Online The proposal is available online.
House Minority Leader John Boehner (R-Ohio) said of the tax increases included in the budget proposal, "Everyone agrees that all Americans deserve access to affordable health care, but is increasing taxes during an economic recession, especially on small businesses, the right way to accomplish that goal?" (Connolly, Washington Post, 2/26). According to Senate Finance Committee ranking member Chuck Grassley (R-Iowa), the proposal seems to balance on a "razor's edge between a broken health care system and fiscal catastrophe" (Alonso-Zaldivar/Taylor, AP/Houston Chronicle, 2/25).
Drew Altman, president and CEO of the Kaiser Family Foundation, said, "What this does is, it allows the train to move forward," but "there are still big issues to work out about how to reform health care and how to come up with the rest of the money" (Connolly, Washington Post, 2/26).
America's Health Insurance Plans spokesperson Robert Zirkelbach said, "We will be a constructive participant in efforts to reform all parts of Medicare" (Meckler, Wall Street Journal, 2/26). He added, "This proposal asks seniors to pay a disproportionate share of the cost of health care reform" (Los Angeles Times, 2/26).
Ron Pollack, executive director of Families USA, called the reserve fund an "enormous fiscal commitment to health care reform" (Wolf, USA Today, 2/26). He said, "We think this is an enormously positive step in the right direction," adding, "What is so remarkable is within 24 hours of saying health care reform must be done, the president showed his commitment to putting significant money on the table in a fiscally responsible way."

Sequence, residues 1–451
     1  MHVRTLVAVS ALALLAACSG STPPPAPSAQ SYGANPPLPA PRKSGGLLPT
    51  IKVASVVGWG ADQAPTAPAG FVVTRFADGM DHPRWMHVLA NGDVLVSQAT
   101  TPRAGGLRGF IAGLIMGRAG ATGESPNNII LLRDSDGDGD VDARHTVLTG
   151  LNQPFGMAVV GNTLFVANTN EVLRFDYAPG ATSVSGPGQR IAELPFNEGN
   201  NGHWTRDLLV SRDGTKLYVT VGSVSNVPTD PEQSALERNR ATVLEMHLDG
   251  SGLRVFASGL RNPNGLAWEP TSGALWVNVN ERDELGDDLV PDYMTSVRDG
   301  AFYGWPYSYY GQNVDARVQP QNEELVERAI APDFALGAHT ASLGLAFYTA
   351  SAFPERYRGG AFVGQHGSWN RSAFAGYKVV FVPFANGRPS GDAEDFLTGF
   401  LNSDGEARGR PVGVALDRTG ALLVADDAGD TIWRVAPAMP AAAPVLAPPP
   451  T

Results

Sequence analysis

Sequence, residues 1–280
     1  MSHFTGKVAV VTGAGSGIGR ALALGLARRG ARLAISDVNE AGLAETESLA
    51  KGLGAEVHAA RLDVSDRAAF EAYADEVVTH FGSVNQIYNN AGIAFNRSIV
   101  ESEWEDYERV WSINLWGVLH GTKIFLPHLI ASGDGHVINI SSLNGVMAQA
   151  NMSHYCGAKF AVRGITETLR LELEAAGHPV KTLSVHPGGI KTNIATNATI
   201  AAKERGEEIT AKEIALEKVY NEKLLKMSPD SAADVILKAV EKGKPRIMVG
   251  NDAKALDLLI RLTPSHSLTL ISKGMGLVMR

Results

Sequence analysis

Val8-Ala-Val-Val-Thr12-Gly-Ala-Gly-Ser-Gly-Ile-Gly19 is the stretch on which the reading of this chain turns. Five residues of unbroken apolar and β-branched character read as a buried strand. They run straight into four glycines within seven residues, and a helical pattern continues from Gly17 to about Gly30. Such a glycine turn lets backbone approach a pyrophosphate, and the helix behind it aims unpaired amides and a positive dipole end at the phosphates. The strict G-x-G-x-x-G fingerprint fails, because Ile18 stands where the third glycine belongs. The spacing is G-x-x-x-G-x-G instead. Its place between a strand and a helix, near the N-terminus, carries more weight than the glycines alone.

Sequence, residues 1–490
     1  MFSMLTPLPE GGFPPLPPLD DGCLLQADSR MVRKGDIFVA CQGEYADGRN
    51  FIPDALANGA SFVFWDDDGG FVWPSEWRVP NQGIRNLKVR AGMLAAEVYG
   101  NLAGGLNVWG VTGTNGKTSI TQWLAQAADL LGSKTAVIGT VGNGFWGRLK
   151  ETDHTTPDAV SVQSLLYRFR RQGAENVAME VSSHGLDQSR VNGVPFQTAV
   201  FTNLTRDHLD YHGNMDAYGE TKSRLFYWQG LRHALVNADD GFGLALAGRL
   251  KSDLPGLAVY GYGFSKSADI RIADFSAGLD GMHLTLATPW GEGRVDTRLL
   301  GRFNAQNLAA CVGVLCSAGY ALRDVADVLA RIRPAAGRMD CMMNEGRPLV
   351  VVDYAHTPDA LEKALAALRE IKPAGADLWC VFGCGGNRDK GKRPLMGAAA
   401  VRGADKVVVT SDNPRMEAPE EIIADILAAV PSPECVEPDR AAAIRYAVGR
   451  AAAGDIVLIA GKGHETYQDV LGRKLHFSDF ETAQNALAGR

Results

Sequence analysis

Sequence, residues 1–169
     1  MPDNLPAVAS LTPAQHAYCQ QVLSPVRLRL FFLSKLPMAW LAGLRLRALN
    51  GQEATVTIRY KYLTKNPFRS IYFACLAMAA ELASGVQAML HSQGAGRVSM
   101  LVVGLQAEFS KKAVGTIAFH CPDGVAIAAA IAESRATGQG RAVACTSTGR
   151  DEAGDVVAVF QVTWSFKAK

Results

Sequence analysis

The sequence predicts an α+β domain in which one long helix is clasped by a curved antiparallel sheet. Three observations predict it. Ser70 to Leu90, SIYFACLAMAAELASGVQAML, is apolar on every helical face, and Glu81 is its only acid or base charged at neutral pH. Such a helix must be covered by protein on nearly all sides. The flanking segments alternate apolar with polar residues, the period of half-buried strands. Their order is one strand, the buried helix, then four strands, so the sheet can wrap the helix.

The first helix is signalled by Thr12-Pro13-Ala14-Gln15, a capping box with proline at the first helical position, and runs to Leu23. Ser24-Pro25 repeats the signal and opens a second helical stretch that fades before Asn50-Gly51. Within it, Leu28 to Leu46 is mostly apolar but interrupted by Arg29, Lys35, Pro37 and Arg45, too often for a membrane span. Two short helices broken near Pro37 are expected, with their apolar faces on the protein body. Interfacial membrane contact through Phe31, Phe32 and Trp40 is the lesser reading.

Anna Burger, secretary-treasurer of the Service Employees International Union, said that Congress "must continue to step up with the same commitment and work with the president to pass comprehensive health care reform this year" (Martin et al., The Politico, 2/25).
Prospects in Congress
Senate Majority Leader Harry Reid (D-Nev.) on Wednesday said that the Senate will seek to address health care reform legislation by the end of the year. He said, "By the end of this year, I want to do something significant dealing with health care" (Murray/Kane, Washington Post, 2/26). Reid said that he would "like to get health care started before the August recess," but he did not specify if that would entail committee votes or floor debates, CQ Today reports (Jansen, CQ Today, 2/25). Senate Finance Committee Chair Max Baucus (D-Mont.) also said that the Senate might pass health care reform legislation before the August recess (Calmes/Pear, New York Times, 2/26).
House Majority Leader Steny Hoyer (D-Md.) said that the House will address health care reform legislation no earlier than May (Murray/Kane, Washington Post, 2/26). He said, "I'd like to get health care started before the August recess"(Friedman, CongressDaily, 2/25).
Omnibus Appropriations Bill
In related news, the House on Wednesday voted 245-178, in part along party lines, to approve an omnibus appropriations bill (HR 1105) that includes the FY 2009 Labor-HHS-Education appropriations bill and the eight other unapproved FY 2009 appropriations bills, the AP/USA Today reports (AP/USA Today, 2/26). Since October 2008, the federal government has operated under a continuing resolution that will fund most Cabinet departments and federal agencies at FY 2008 levels until March 6. The omnibus appropriations bill would fund those departments and agencies from March 7 until Sept. 30, the end of the fiscal year (Bacon, Washington Post, 2/26). The omnibus appropriations bill would provide about an 8%, or $31 billion, increase over comparable budgets for those departments and agencies in FY 2008 (Pear, New York Times, 2/26).
The Senate might not consider the bill until next week (Clarke/Schatz, CQ Today, 2/25). Reid said that the Senate will complete work on the bill by the March 6 deadline (Sanchez, CongressDaily, 2/26).
* Boston Globe: Obama in his speech this week "vowed, in broad terms, to address the growing costs of Social Security and Medicare," but the "president cannot make these things happen on his own," a Globe editorial states. According to the editorial, "perhaps Medicare reforms are best bundled, as Obama suggested in his speech, with a larger overhaul of the health care system," but "Obama's glancing treatment of the subject bespoke little confidence that he can bring his own party to a point of compromise on the issue" (Boston Globe, 2/26).